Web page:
A Solo Adventure Around Town

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Here I am, on a solo adventure. Before I ventured out, all I knew is that I wanted to try getting out.

It was a head knowledge, not really a heart one. You know, when you know something is true, but you’re too lazy?

So to push myself out, I created a list of a few questions to discover:

  • Will I be able to motivate myself enough to actually get out?
  • Would I be able to have meaningful conversations with people?
  • Who am I? With unlimited time, all alone, what do I end up doing?
  • Would I give up and return to the mindless comfort of my room?
  • Do I enjoy it enough to travel alone, like I believe and always say?

Well, here I am. I left college at 9:15 in the morning. It is now 3:15 pm.

I’ve wandered all around. I took a bus to Bravo, then a bus to Oud Mehta, followed by a metro to Fahidi, and then finally walked to, well, nowhere in particular. And where have I reached?

Firstly, I’ve realized that I do feel a bit lost at times. For almost an hour and a half, I was walking, looking for a chill spot. Just to sit, or have tea. And it was hot, and noisy, and loud. But, I suppose moments like this will help me be more decisive. I had to pee twice, and shamelessly entered random restaurants (which I will agains), heading straight for the washroom. Besides that, I have been walking for hours through the same streets, passing the same shops, and crossing the same people. Obviously, I have been noticed. And that has also made me feel conscious.

But right now, I finally had enough. I realized, what is holding me back from sitting wherever I want, or passing the same people again? Why am I conscious? Because I am alone? That maybe I look lost or aimless? Or that I am a girl? Or because I am a very queer girl, with a big, conspicuous Adidas backpack, who is itching to settle somewhere and pull out her laptop to write, in the middle of bustling, noisy, market alleys?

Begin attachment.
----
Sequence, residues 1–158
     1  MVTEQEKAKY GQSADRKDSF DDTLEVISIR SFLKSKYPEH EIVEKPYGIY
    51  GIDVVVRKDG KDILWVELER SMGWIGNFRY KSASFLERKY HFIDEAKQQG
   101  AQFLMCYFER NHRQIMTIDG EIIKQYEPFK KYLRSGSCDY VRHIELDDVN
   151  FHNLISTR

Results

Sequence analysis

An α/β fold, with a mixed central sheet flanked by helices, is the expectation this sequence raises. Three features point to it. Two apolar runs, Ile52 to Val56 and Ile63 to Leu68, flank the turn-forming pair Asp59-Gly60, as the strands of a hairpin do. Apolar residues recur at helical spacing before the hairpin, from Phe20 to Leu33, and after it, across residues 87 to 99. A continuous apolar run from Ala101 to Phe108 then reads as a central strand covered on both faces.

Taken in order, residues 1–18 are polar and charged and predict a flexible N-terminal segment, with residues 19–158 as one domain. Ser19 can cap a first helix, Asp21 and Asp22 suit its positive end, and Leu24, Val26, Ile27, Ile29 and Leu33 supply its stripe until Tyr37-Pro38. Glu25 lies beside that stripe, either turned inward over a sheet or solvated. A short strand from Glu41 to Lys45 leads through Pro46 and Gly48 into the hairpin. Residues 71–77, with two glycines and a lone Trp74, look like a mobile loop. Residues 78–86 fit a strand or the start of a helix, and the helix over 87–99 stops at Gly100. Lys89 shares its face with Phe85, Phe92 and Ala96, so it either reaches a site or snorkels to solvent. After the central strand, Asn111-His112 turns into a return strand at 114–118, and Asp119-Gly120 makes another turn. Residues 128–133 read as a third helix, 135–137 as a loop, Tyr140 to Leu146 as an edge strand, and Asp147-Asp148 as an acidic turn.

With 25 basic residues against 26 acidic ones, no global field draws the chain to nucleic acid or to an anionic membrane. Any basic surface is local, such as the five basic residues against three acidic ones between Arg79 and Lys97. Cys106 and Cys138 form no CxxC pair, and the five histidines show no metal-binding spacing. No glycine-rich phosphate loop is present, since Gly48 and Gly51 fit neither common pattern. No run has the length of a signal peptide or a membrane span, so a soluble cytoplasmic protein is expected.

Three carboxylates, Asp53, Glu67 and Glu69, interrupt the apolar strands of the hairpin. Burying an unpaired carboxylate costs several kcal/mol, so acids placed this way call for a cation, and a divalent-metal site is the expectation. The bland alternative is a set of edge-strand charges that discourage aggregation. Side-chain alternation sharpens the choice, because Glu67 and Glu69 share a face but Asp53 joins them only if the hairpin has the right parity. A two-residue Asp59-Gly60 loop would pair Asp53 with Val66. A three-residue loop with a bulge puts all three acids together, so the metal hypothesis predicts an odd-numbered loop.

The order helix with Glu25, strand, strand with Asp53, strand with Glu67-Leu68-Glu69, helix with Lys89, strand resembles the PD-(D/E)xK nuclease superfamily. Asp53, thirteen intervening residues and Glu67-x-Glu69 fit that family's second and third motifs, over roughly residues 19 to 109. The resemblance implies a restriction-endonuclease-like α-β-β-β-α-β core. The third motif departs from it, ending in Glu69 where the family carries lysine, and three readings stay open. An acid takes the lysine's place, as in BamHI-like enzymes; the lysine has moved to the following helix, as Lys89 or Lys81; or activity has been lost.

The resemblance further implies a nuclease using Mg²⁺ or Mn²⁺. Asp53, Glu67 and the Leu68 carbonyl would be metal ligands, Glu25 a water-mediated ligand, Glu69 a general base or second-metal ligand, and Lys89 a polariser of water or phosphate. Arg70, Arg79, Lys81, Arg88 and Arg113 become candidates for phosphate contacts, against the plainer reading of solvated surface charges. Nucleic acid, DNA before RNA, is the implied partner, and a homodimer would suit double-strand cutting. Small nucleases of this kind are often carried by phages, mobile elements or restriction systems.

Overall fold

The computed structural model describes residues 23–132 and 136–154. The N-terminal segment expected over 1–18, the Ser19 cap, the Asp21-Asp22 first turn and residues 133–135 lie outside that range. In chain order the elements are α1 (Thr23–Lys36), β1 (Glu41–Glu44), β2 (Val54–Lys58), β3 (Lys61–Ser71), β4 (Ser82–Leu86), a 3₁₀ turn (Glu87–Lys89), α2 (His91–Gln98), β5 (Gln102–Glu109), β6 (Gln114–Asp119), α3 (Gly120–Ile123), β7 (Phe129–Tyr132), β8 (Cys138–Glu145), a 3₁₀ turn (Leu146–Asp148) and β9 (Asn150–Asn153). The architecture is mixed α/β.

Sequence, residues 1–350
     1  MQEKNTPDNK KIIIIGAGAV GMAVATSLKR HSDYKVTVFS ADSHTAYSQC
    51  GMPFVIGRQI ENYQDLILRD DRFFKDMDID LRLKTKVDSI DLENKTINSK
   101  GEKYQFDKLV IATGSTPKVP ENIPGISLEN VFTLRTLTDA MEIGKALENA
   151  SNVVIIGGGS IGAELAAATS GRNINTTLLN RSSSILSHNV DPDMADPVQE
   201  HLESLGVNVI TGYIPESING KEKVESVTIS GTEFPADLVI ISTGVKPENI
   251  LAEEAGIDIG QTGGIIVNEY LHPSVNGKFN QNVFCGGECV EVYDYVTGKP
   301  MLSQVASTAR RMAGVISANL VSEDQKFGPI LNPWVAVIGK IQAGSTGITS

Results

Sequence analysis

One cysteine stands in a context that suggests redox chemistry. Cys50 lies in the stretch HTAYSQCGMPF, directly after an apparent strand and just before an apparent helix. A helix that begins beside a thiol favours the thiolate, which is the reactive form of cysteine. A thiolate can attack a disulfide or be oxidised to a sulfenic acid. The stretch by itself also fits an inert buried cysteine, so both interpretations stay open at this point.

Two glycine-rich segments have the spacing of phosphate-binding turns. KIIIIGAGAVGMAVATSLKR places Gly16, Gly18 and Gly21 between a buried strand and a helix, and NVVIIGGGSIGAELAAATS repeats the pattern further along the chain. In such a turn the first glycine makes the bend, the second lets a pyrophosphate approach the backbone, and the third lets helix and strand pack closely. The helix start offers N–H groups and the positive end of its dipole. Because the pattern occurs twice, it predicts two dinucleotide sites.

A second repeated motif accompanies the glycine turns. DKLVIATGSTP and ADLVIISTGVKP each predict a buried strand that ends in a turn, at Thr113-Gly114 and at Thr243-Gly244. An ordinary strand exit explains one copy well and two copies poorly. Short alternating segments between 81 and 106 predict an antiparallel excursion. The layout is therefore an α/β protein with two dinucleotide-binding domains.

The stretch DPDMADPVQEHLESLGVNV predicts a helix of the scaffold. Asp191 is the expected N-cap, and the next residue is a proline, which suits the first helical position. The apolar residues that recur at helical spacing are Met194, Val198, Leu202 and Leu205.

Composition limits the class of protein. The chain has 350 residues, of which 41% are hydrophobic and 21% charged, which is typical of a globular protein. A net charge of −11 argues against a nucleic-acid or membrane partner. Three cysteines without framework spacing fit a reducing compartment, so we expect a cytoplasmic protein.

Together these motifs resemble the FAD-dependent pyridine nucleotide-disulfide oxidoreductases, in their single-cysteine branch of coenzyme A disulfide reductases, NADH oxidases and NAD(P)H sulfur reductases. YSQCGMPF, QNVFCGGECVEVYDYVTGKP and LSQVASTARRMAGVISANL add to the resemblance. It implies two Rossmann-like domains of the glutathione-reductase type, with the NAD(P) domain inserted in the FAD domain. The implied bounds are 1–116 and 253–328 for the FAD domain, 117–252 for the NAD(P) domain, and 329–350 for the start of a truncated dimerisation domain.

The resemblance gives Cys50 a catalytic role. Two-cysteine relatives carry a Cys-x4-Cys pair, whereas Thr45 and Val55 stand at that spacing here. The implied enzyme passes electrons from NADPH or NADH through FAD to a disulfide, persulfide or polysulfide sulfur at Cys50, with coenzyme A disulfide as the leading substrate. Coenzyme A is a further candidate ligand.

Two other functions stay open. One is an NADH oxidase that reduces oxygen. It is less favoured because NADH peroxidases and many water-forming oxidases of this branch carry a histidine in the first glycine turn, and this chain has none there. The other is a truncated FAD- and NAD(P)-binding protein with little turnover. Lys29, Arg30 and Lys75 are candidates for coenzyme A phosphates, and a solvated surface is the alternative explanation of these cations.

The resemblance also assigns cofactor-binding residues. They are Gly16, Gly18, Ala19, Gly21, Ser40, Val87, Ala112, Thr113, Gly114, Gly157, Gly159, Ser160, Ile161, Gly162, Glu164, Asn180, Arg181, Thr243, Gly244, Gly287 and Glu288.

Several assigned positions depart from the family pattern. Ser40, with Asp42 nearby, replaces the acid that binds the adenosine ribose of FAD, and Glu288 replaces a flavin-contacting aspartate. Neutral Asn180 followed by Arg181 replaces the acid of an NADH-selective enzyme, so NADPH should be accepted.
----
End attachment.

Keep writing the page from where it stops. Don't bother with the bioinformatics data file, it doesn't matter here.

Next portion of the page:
Well, too bad. I might be one interesting character that inspires people. Maybe someone else wants to bring their laptop to the creek, but thinks it might look weird. Well, for that person, I hope to be an example. Maybe a normal looking girl, in jeans and a shirt, wants to sit in a narrow alley, and chill. And there might be weird men around. Well, I hope she sees me and I give her the confidence to reclaim masculine spaces. What am I apologetic for? Being alone? Being a girl? Exploring? Having my own adventure and answering to nobody? Breaking societal rules?

I always talk about wanting to do that anyways; living in a manner that isn’t dictated by predetermined norms and conventions. And if I can’t do that in front of a few strangers, well then I most definitely won’t be able be different in front of people I know.

… aaand, now, I need to pee. So I think I may move to another, more chill location.